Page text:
The label is the most important single element of identification of a whisky bottle. The label is generally made of paper or might be occasionally engraved on the bottle itself. The purpose is this item is to identify the product and the trade name or brand.
The amount of information present on the label might be very limited (e.g., only volume of the bottle, strength and a brand name) to very extensive (see for example label 3). In this document, I will try to explain the different information that you can gather just by reading a label, based on 3 different examples (label 1, 2, and 3).
So let’s start with the number 1:
Well, the label is directly printed on the bottle and some writing is printed on in such a way that you have to play with the light in order to guess some parts of the text:
Summary: This label is relatively succinct, providing only information about the distiller, the location of the maturation and its bottling, as well as the strength of the whisky. No information concerning the age of the whisky is provided. You have to go and search on the web (e.g., at www.bruichladdich.com) to find out that this Bruichladdich was indeed distilled in 2001 and that the malt used for this whisky is unusually peated at 10 ppm instead of 5 ppm as for most Bruichladdich bottlings. With a phenolic level of 10 ppm, the whisky is likely to be medium-lightly peated.
3) Age: The age indicates the age of the youngest whisky present in the bottle. In this case, the youngest whisky is a least 12 years old.
4) Glen Lairg: this is a trade name and does not correspond to the name of a distillery. This whisky could have been produced by any distillery(ies) in Scotland.
5) Pure Highland Malt Scotch Whisky: this information is rather vague and “Pure” is unspecific. This might be the product of 1 or several distilleries (most of the time). Malt indicates that only malt whisky was used. Highland indicates the whisky has been produced anywhere in the Highlands (including Speyside). Since about 90% of the distilleries are located in this area, this does not help very much to identify the distillery(ies). In addition, different styles of whiskies are produced in this region, so the whisky can be anything from malty to peaty, with or without sherry influence.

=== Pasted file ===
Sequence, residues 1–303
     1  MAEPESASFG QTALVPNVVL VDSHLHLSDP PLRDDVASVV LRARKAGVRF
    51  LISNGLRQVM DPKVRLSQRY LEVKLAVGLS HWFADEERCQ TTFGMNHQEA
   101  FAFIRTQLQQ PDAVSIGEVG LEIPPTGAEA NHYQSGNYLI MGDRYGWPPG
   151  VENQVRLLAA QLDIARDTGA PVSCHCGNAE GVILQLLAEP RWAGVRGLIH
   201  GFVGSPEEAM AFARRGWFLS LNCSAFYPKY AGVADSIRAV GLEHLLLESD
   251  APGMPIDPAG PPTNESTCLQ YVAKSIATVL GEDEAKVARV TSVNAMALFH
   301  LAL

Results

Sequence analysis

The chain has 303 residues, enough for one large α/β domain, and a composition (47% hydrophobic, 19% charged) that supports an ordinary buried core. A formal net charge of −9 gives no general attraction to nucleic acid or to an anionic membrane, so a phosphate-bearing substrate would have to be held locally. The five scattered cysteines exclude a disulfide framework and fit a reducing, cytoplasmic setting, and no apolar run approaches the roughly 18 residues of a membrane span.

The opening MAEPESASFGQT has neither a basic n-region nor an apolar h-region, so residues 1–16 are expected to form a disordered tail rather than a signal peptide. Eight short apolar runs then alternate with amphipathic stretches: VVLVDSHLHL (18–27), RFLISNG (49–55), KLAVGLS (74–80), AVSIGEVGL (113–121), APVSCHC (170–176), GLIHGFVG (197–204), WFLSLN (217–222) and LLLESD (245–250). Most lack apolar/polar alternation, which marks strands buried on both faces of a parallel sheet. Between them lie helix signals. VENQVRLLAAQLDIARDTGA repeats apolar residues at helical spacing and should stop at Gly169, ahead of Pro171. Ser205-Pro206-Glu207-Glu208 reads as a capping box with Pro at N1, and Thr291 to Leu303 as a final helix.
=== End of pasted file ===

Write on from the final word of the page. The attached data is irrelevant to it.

6) Distilled, Matured & Bottled in Scotland by Clydesdale Scotch Whisky Co. Edinburgh. In this case, the only information provided is the name of the owner of the brand. In this case, a blender in Scotland based in Edinburgh. All the production steps, distillation, maturation and bottling could have taken place in 3 different locations in Scotland.
Summary: This is a typical label to be found on the shelves of a supermarket, with information made to confuse the consumer about its provenance. At the exception of the volume and strength, the only information valuable found on this label is that this whisky is at least 12 years old and that it is made exclusively of malt whisky. However, no information about the distillery(ies) is provided, nor the place of maturation and of bottling. Needless to say, you can only guess at the flavour profile of this whisky.
1) See label 1.
2) Strength: whiskies are traditionally bottled at 40, 43 or 46%. When the strength is different from these values, it might suggest that the whisky is cask strength, or directly bottled straight from the cask.
3) Brora: This is the name of the distillery
4) Age: Age of the whisky.
5) Distillation: This label is very precise, with the exact date of the distillation and cask filling.